Clinton — who got off to a bumpy start in the Democratic primary — has seen her lead grow in Michigan ahead of the state’s March 8th primary, despite a huge push from Sanders.

Highlighting the crisis in Flint also helped Clinton with black voters, a group that carried her to wins in South Carolina and across a wide swath of other southern states on Super Tuesday. And Flint has become a regular part of her stump speech, part of a larger message about “breaking barriers.” 

“By now we know what happened in Flint, Michigan, don’t we?” she said this week at a Super Tuesday rally in Miami. “How a city’s children were poisoned by toxic waste because their governor wanted to save a little money.” 

Jamal Simmons, a Democratic strategist who hails from Michigan, attributes some of her success in Super Tuesday states to the attention Clinton paid to Flint.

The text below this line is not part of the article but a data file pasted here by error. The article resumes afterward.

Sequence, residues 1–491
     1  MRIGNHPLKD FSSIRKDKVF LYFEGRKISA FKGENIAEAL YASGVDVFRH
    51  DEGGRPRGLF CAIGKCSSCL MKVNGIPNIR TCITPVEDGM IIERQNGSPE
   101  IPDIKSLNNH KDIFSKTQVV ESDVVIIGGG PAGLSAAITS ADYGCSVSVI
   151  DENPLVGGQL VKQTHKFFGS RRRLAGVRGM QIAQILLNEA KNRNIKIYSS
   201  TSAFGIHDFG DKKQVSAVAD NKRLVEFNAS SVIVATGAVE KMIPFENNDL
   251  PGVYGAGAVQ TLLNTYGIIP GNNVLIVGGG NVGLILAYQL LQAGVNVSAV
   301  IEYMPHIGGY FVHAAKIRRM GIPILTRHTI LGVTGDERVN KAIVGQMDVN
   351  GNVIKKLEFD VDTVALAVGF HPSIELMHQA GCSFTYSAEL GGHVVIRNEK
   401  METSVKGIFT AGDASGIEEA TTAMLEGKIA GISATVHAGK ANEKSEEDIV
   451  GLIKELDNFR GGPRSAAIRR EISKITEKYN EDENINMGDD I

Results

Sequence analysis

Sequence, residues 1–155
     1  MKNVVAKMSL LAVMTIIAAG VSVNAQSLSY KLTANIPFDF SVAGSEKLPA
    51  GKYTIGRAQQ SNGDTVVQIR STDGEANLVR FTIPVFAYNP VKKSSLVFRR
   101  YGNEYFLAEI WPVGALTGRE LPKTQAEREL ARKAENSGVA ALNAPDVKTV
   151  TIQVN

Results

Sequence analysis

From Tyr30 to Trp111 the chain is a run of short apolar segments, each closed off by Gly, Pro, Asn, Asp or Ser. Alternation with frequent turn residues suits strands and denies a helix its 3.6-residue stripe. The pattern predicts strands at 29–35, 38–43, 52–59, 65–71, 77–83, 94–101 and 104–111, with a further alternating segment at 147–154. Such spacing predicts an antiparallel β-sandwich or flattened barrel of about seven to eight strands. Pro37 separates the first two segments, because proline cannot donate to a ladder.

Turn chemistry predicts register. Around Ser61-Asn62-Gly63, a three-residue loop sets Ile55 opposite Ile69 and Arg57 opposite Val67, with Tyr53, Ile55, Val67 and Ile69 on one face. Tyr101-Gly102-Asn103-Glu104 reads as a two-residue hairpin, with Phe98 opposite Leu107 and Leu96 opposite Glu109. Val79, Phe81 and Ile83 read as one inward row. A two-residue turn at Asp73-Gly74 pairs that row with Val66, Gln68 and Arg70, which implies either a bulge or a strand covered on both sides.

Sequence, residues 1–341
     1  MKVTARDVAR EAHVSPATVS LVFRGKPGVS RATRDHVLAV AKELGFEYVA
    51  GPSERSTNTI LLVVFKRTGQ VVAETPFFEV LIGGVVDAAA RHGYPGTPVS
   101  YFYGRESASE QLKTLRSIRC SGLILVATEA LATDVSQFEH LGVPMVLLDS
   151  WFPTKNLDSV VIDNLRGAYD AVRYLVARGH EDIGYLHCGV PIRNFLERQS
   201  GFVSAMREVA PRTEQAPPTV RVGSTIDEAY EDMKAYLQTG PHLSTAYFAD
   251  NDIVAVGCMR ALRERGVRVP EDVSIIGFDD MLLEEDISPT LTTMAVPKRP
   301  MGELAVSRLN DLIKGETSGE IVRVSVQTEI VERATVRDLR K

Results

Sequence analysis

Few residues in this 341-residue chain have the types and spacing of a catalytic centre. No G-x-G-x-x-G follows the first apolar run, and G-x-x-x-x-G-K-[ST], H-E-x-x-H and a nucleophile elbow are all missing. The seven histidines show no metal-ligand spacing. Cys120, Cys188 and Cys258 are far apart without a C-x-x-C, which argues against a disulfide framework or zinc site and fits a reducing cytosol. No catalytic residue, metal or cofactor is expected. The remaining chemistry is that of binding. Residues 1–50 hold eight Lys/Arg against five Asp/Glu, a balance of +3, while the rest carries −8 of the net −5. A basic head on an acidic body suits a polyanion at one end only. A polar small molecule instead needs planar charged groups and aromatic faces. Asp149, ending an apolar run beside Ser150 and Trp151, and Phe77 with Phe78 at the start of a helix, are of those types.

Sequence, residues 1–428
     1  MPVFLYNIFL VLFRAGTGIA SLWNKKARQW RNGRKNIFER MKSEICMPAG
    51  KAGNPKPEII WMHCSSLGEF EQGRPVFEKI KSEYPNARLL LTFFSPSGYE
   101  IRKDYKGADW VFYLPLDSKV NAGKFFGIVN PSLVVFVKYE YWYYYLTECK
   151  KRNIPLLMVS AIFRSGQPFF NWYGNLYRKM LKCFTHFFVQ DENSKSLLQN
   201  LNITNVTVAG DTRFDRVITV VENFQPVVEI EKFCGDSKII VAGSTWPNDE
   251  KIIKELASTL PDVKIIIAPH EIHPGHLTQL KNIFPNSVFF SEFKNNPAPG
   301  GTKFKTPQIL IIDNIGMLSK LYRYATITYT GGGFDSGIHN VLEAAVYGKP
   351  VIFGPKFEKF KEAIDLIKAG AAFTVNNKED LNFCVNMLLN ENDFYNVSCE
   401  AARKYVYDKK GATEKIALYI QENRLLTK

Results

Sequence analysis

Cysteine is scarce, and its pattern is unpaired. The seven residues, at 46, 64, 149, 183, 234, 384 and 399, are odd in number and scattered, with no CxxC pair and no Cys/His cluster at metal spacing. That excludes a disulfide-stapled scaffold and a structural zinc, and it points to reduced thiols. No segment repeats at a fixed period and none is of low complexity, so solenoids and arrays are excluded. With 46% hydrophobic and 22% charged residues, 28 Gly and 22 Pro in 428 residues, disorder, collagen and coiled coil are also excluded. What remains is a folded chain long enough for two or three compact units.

“Focusing on Flint gives her a real-time focus and a real-time example of her support of the African American community, even when it didn’t make the most political sense to be there,” Simmons said, adding that Clinton cut into her primary schedule for the visit.

By being early on the ground in Michigan, Clinton made Sanders appear late to the game when he visited three weeks later. And it also telegraphed the message of Clinton allies that Sanders has done little for the African American community in recent years, Simmons said. 

“I think the sentiment was, ‘Yes, he marched with Dr. King but what has he done lately?’”